HB 2453, the so-called Religious Freedom bill, would encourage discrimination against gays. Well, that's what the media says it does, anyway.
In truth, HB 2453, defends the religious liberty of Kansas employees from being forced by the government to perform any service in support of same-sex marriage.
What it does not do is allow people to discriminate against gays.
Here is what the bill says, something you won't find in mainstream media outlets:
"Notwithstanding any other provision of law, no individual or religious entity shall be required by any governmental entity to do any of the following, if it would be contrary to the sincerely held religious beliefs of the individual or religious entity regarding sex or gender" [emphasis added]The bill is to address the rash of lawsuits that have swept the nation that are forcing business owners to photograph or bake cakes for same-sex marriages.
Why is that a problem? It's simple, liberty. No business should be compelled to do business with any customer they do not want to do business with, period. The business is their property and they should be free to make any stupid decision they want with their property.
For those who don't support the idea that people should be allowed to choose who they sell their services to, the choice is simple. Do business elsewhere. If enough people feel the same way, those discriminating businesses will go out of business or be forced to change their views.
Even better, if there aren't enough businesses that will serve same-sex weddings, than start your own. Fill the whole in the market and make yourself wealthy at the same time. Entrepreneurship is the grand solution to almost any societal issue. See a need, fill it.
And let's face it. If the government can force a photographer to take pictures of a gay wedding against their religious belief and they can force a baker to make a wedding cake for a same-sex wedding against their belief's, than is it really so far fetched to believe they could make a pastor perform a gay wedding ceremony against his or to force a church to hold a same-sex wedding against their's?
Now, before you start saying, "well, this bill would allow public workers to not provide services to people and our tax dollar pay their salaries," let me say I agree with you. The government should not be allowed to deny any legal service to anyone. Fortunately, the Kansas legislature and the author of HB 2453 agrees with us.
I give you Section 2, paragraph (d):
"If an individual employed by a governmental entity or other non-religious entity invokes any of the protections provided by section 1, and amendments thereto, as a basis for declining to provide a lawful service that is otherwise consistent with the entity's duties or policies, the individual's employer, in directing the performance of such service, shall either promptly provide another employee to provide such service, or shall otherwise ensure that the requested service is provided, if it can be done without undue hardship to the employer." [emphasis added]Some might call that a compromise, something the mainstream media keeps telling us needs to happen. That provision allows for the religious freedom of public employees while protecting the right to services for same-sex couples. Not sure how you could get any more compromise out of this issue than right there.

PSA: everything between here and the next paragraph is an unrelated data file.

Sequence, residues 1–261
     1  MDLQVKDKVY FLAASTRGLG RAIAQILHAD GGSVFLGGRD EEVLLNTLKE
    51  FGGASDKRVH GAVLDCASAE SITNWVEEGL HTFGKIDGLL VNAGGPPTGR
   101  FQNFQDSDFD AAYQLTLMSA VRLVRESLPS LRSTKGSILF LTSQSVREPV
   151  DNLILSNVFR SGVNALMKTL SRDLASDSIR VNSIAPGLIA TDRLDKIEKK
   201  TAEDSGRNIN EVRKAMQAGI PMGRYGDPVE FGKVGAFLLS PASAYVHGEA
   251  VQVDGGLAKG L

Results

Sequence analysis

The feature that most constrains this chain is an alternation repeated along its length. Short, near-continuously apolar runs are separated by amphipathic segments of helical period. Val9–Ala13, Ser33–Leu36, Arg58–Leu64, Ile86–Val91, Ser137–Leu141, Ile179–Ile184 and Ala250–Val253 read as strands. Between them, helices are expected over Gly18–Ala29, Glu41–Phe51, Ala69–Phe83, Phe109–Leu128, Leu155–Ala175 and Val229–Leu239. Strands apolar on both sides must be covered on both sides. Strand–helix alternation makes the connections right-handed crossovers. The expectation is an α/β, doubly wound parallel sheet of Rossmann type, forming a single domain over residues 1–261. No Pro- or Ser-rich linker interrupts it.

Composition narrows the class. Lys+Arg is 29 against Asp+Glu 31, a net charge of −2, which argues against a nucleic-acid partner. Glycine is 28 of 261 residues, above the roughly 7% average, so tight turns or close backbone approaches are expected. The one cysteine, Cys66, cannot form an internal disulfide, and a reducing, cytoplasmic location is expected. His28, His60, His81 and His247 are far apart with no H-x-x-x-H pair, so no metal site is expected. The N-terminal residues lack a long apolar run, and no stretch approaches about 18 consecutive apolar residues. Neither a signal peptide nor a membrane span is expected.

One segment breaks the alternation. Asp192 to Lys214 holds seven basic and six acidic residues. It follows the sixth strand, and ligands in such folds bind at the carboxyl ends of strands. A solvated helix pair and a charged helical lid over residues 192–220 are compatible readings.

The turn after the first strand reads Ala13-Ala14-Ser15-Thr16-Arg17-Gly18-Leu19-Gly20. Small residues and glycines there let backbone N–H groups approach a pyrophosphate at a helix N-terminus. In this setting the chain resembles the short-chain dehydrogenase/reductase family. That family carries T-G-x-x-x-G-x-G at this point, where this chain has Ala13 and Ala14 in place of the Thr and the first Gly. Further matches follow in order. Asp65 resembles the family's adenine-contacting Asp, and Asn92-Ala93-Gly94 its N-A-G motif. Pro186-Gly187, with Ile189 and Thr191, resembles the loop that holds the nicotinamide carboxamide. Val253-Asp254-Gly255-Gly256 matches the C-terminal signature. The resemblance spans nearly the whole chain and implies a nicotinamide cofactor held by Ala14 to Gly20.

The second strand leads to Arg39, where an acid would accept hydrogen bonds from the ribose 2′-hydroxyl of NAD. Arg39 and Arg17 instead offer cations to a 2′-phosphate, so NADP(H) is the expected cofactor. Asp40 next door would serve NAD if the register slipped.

And no, the public employees referenced in this bill are not police and fire. How do I know? Because the bill tells me so.
The bill does not say public employees can refuse any service, it specifically states a small list of services that are directly associated with same-sex marriages, none of which related to public safety. And again, the services must still be performed, they would just be from a different employ without such religious objections.
Here is that list:
- (a) Provide any services, accommodations, advantages, facilities, goods, or privileges; provide counseling, adoption, foster care and other social services; or provide employment or employment benefits, related to, or related to the celebration of, any marriage, domestic partnership, civil union or similar arrangement;
- (b) solemnize any marriage, domestic partnership, civil union or similar arrangement; or
- (c) treat any marriage, domestic partnership, civil union or similar arrangement as valid [emphasis added]
Now that we have straight what the bill actually says and not what the media wants you to think it says, let's talk about why I think there are better alternatives to protecting the liberty of all than this bill.
It is simple really. A better solution would be get the government out of marriage.
We've talked before about how marriage laws came about because racists wanted to prevent interracial marriage. I've mentioned before that I don't really care if two loving gay people want to be joined together in a ceremony. It doesn't hurt you or me for that to happen, regardless of our religious beliefs.
As long as the government has the power to say who can and can't get married, there will be people who seek to use that power to force other people to try and tell them what they can and cannot believe.
The best solution to protect the liberty of homosexuals and the liberty of the religious is to take that power away from the government and put it in the hands of the people who are free to use their own property and labor in whatever means they see fit.
Since government is not likely to give up that power willingly, the next best alternative just might be HB 2453.